What you see: Guacamole that’s brown and yucky on top.
What it is: Guac that turned brown because it was exposed to air.
Eat or toss? Toss the brown layer, but excavate under it until you get to green. As long as your guacamole is relatively fresh, any green areas should still be fine to eat.
So, can you eat guacamole that’s turned brown?
This guacamole may look like a mucky swamp, but buried beneath that layer of yuck, there’s hope for your tortilla chips.
The guac turned brown simply because it was exposed to air. An enzyme in the avocado reacted with oxygen and that sad brown color was the result. The same thing happens to apples and other fruits and vegetables and even shrimp when they’re injured or their inner flesh is exposed to air (scientists call this “enzymatic browning” and it involves various types melanin). So, nothing to fear here, but the oxidized avocado may not taste so great.
If you scrape off the brown part, you’ll get to a subterranean layer of perfectly good guacamole. That’s because the top layer of guac guarded the layer below from the oxygen in the air.
How to avoid brown guac
So, brown guacamole is still salvageable, but there are also loads of ways to prevent this problem in the first place. The key is just to block air from coming into contact with the avocado-y goodness. You can do this by squirting lemon or lime juice all over the surface of the guacamole, which will make conditions too acidic for the browning reaction to take place. That’s my favorite method.
Here’s my take on other approaches to prevent oxidation from ruining your guacamole (spoiler (ha!) alert: I think these all have drawbacks and the lemon juice method really is the best!):
- ‘Leave the avocado pit in the guac.’ This old wives tale does not work. It will, however, preserve green guacamole just under the seed, as it will block oxygen exposure in only that spot.
- ‘Apply a sheet of plastic wrap to the top of the guacamole.’ Eh. This will provide a barrier, but why contribute to plastic waste? When you lift up the sheet the next day, inevitably some guac will come along too, which isn’t ideal.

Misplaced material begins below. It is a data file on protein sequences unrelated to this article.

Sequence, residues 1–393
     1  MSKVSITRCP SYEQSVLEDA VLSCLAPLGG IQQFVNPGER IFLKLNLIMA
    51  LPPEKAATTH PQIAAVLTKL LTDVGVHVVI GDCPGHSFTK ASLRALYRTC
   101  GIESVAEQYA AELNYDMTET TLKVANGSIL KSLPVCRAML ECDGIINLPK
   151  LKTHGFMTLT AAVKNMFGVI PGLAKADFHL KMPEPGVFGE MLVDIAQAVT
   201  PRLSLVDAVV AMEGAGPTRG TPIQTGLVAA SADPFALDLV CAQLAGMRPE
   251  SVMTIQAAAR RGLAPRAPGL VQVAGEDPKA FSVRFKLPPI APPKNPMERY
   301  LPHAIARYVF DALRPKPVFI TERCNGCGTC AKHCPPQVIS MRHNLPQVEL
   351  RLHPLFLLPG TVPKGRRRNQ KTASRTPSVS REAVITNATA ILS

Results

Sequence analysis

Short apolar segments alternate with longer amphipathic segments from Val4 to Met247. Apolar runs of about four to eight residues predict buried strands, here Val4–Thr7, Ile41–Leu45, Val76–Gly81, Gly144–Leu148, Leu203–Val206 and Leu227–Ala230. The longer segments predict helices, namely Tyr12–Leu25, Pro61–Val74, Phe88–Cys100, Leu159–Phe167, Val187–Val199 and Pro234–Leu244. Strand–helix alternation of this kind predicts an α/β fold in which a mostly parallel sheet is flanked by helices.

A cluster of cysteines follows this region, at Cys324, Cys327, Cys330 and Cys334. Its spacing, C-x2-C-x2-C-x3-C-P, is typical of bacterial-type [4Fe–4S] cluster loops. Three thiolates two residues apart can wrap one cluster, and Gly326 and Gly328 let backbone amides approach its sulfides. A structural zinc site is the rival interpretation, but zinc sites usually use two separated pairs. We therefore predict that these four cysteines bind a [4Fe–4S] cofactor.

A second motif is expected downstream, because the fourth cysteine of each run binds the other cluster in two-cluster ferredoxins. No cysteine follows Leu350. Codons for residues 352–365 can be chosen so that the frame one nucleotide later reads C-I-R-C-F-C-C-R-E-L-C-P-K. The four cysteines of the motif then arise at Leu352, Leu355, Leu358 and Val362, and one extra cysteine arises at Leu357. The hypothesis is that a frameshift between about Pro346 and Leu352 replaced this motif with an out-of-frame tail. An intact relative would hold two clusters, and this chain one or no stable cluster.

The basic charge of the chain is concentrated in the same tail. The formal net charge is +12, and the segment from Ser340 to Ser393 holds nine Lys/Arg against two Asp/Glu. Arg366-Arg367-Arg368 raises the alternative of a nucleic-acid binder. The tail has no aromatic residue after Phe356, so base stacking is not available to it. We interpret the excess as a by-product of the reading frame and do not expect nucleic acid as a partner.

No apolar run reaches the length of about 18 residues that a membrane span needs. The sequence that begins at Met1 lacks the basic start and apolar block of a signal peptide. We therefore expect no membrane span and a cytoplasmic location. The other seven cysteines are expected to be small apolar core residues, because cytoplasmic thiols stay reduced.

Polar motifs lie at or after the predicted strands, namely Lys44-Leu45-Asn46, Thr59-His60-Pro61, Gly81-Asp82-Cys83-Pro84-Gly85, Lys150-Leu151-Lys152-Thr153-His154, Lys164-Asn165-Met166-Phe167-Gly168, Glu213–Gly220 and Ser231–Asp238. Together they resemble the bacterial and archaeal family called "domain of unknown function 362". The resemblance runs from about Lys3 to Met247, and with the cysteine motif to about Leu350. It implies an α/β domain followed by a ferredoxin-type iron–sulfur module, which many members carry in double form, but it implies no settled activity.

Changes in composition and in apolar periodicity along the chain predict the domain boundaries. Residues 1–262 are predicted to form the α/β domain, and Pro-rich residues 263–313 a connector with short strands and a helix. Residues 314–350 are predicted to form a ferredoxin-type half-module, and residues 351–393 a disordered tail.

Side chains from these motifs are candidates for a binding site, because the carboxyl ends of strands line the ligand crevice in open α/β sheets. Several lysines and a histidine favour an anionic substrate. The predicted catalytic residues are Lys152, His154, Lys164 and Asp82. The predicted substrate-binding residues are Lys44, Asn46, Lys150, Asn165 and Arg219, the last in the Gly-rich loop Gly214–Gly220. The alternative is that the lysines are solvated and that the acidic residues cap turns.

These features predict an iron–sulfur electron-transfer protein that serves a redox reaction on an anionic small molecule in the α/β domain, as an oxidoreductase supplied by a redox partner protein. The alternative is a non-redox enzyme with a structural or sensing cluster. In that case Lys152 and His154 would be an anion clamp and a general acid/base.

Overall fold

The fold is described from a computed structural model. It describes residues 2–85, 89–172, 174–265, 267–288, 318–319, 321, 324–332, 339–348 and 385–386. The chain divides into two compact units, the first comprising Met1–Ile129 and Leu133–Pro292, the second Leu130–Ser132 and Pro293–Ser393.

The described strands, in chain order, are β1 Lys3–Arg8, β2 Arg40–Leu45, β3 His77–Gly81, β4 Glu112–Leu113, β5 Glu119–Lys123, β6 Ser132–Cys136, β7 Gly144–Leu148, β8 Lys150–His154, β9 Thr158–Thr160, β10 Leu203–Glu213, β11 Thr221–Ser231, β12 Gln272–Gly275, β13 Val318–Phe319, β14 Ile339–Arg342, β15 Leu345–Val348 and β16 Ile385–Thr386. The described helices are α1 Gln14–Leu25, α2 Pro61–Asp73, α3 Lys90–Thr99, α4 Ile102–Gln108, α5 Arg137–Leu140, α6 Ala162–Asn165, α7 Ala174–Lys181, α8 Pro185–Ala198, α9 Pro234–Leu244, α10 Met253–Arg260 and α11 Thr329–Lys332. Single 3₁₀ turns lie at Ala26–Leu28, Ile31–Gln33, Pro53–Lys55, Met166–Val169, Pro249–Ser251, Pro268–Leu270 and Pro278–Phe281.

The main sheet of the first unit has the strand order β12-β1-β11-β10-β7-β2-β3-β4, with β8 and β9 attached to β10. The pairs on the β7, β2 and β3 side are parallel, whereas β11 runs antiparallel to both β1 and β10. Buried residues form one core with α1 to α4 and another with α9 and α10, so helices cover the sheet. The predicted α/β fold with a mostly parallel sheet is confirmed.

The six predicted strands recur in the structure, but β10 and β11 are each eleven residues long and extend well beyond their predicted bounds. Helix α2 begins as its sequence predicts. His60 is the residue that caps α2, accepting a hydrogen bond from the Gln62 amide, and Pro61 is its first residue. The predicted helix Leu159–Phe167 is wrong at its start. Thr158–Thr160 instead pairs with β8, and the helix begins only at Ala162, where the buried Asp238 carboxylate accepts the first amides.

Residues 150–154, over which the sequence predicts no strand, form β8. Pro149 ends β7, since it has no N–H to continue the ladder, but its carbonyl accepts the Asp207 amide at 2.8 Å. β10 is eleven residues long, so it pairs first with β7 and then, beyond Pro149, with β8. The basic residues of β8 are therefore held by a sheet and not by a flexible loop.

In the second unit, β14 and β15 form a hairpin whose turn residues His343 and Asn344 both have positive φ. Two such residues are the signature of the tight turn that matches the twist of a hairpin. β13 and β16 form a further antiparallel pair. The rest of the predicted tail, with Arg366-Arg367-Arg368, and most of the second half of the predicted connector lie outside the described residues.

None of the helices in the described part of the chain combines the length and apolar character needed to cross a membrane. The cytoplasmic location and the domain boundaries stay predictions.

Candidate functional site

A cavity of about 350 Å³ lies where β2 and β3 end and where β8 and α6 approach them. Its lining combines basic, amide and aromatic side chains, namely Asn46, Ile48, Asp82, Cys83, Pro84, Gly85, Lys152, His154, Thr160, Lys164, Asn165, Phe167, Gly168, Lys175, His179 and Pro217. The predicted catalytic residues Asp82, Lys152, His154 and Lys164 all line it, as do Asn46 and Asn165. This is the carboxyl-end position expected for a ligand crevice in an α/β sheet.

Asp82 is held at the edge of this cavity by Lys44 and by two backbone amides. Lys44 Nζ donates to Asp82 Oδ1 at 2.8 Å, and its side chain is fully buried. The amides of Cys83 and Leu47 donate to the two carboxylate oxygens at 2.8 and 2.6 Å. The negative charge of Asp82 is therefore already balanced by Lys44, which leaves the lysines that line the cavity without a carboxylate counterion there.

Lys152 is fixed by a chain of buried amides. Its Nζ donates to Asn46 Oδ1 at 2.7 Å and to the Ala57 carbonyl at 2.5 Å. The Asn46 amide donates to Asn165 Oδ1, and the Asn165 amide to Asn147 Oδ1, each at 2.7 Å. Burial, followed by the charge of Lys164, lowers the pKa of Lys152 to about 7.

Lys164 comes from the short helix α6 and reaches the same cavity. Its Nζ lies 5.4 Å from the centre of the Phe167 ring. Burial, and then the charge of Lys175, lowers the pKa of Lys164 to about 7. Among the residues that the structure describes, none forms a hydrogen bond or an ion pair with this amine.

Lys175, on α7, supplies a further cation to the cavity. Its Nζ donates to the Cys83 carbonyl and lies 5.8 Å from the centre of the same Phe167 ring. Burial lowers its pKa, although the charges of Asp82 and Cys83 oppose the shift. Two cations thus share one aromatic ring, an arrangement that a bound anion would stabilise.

- ‘Pour a thin layer of water onto the surface, then pour the water off when you’re ready to dip your tortilla chips.’ The Today Show evaluated a number of tactics and they liked the water trick the best. I’m not a fan of the water method as I find it soaks into the guac a little bit and dilutes the texture and flavor.
Thanks to Joe G. for submitting these photos. Joe reports that he successfully scraped off the brown layer. For science, he sampled the brown area and found it to be “yucky.”
“Not overpowering, but it had sort of a stale taste,” he wrote. “Wasn’t pleasant.”
But, he kept digging and reported: “The green beneath the brown tasted perfect.”
Are you in pre-guac mode, sizing up a brown avocado? Avocados can have discoloration for a number of reasons, including injuries, too-cold storage and being squeezed too hard by supermarket shoppers. Check out the EatOrToss Avocado Index for more help decoding their mysterious ways.
- Frequently Asked Avocado Questions – AvocadoCentral.com
- The best way to keep guacamole green, revealed – Today Show Apple slices turned brown: Are they really bad apple or just misunderstood? – EatOrToss.com
- The Chemistry of An Avocado – Compound Interest
What’s up, Guac?
This post was first published on Nov. 6, 2017, and updated on Jan. 18, 2023.